Also shown in FIG. 2 is a start line 136, checkpoint 138 and finish line 140. When the user 102 begins the game, or initiates the system 100, the user's view is looking ahead at the start line 136 (e.g., FIG. 3). The checkpoint 138, which may be one of many (including the start and finish lines 138, 140 which are checkpoints), serves two fundamental purposes. First, a driver can increase his remaining time for playing the game by crossing the checkpoint 138 within some predetermined time, and he can increase the time of game play. Second, if the driver 102 crashes on the course near the checkpoint 138, the simulated car will be automatically reset to a position on the track 134 at the checkpoint 138. An instant replay capability shows the driver 102 what went wrong by playing back a "God's eye" view of the crash.
Referring now to FIG. 3, it can be seen that the user 102 (FIG. 1) is placed in the position of an observer inside of the vehicle being simulated. The diagram of FIG. 3 is a representation of another screen display generated on the video display 122 of FIG. 1. The scene represented in FIG. 3 is one wherein the user 102 is driving the simulation vehicle, also called the observer car (not shown), and is proceeding towards the start line 136. In a waiting position at the start line 136 is a "ghost" car or lap car 150.
The lap car 150 represents the best time around the track 134 in all the laps made by the driver 102 thus far. In this way, the driver 102 is provided with a means of self-improvement which is called recursive training. That is, at each iteration n around the track, the driver 102 tries to beat the best time accumulated in the past n-1 laps. For the arcade game embodiment of the system 100 described and shown herein, there is a single parameter of performance which is time. However, it will be understood that in other driver training systems there will be a multiplicity of parameters which may not necessarily include time. For example, a beginning driver would attempt to improve on safety parameters such as braking distances, centering the vehicle on the road, and so forth. Furthermore, in other variations of the invention the route through the simulated environment will not be a racetrack.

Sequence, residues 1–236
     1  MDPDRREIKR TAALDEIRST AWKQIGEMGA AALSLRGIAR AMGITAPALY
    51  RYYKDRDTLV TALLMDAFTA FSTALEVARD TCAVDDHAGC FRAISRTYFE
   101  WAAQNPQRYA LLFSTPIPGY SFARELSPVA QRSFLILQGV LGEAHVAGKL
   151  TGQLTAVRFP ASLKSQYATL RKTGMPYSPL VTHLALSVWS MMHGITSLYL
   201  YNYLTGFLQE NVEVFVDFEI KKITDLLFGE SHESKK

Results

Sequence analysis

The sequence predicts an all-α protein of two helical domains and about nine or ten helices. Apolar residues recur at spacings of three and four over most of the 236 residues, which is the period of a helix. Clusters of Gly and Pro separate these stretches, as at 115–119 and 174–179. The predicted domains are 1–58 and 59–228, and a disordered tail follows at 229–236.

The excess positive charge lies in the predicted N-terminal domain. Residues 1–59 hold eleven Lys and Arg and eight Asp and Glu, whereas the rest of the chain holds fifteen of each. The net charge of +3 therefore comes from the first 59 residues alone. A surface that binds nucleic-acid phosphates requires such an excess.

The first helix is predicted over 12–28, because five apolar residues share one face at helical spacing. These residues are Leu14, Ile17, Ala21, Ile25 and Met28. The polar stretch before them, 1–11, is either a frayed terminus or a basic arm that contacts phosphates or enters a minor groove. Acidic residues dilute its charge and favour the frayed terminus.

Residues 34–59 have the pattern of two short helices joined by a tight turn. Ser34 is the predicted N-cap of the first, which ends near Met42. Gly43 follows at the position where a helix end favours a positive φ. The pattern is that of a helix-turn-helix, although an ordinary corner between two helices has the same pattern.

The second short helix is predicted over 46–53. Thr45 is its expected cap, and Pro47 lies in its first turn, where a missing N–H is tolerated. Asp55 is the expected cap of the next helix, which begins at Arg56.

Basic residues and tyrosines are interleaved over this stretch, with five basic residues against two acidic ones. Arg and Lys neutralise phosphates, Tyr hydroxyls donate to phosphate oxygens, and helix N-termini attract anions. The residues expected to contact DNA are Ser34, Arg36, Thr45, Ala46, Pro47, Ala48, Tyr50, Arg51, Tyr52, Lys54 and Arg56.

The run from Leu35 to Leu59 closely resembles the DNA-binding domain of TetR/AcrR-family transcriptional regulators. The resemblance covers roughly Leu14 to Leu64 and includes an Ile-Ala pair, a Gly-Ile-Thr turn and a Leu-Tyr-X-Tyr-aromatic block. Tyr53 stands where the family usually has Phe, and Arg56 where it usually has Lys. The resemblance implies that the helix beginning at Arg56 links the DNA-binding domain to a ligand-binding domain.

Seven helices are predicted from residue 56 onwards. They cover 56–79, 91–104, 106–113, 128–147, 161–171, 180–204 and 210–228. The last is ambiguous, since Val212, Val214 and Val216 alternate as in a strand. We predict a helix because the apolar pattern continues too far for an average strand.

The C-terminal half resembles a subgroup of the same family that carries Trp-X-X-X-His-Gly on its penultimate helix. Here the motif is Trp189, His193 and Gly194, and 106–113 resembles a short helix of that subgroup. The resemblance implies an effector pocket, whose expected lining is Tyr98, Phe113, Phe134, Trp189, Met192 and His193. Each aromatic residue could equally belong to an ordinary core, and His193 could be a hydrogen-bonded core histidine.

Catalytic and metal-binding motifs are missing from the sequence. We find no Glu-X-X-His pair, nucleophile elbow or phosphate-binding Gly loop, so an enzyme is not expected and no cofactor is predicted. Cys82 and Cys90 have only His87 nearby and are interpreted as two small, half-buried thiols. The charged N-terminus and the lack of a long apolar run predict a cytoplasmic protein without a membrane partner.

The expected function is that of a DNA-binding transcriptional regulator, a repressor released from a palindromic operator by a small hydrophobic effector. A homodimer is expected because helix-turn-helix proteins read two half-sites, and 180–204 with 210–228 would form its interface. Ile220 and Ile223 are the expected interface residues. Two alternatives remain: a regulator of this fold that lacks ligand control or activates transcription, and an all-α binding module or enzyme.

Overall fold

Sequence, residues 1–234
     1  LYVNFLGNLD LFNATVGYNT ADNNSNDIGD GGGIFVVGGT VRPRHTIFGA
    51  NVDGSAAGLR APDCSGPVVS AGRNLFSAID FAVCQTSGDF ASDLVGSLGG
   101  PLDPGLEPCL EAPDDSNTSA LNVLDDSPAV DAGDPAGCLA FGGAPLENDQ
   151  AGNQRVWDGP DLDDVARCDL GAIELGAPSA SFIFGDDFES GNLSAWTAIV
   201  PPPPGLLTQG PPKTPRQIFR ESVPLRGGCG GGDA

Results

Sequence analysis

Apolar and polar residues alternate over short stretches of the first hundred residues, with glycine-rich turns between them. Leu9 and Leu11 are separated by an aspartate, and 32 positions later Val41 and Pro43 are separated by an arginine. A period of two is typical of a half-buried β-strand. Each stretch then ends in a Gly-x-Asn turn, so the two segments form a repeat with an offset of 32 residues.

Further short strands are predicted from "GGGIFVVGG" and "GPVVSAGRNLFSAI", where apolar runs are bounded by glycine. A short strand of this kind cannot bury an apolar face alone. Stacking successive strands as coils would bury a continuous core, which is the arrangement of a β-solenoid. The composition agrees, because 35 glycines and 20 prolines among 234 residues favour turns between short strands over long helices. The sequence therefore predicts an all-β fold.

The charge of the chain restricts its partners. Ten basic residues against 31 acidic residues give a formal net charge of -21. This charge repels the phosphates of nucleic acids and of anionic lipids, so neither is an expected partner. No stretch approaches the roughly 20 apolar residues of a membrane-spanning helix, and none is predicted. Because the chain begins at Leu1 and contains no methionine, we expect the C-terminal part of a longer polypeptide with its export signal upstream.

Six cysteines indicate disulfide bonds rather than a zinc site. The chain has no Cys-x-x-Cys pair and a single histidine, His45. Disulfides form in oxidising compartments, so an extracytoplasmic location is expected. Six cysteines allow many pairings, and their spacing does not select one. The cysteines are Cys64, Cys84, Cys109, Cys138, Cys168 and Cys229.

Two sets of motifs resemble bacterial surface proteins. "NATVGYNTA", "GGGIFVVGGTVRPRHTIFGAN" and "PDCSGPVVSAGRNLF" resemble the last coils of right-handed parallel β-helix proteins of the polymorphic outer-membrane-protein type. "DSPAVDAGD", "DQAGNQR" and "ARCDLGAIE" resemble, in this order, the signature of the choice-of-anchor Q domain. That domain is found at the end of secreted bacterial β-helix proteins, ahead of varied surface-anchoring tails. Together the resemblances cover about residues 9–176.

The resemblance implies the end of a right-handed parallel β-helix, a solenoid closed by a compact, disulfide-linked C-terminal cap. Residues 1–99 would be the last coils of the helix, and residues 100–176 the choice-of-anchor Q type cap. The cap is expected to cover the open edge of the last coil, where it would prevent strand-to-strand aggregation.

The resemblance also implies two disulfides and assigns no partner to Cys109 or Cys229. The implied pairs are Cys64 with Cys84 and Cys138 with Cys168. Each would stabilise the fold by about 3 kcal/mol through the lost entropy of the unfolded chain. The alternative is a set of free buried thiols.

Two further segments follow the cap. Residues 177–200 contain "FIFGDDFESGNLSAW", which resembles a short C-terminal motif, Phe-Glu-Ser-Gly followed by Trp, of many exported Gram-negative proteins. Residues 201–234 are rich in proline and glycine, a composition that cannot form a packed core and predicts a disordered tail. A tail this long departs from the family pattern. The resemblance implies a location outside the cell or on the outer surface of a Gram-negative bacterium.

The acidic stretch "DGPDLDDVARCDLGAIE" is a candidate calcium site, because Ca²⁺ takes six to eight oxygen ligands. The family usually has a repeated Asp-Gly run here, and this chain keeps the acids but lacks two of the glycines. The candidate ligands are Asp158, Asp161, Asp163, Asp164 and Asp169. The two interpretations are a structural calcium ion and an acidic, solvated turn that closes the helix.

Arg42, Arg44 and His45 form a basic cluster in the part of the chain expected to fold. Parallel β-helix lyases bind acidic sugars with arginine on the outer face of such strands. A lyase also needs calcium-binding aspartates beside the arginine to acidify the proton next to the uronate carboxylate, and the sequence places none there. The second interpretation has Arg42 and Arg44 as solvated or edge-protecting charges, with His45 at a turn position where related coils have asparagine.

The ghost car 150 thus is a complete recording of the lap that was previously run by the user 102 which represents the current "best" of n-1 laps.
To provide a higher degree of realism in the system 100, certain aspects of the interior of the vehicle are displayed on the video display 122 (FIG. 1). For example, a portion of a rear view mirror 152 is shown in the upper right hand corner of the display. Also, an A-strut 154 of the simulated vehicle is shown in the center left of the video display 122. At the bottom of the display is a remaining time message 156 which is simulated as a message on the windshield such as would be provided, for example, by a heads-up display. In the preferred embodiment, accurate time is maintained by the processor 114 by counting the interrupts generated by a four millisecond interval timer (not shown).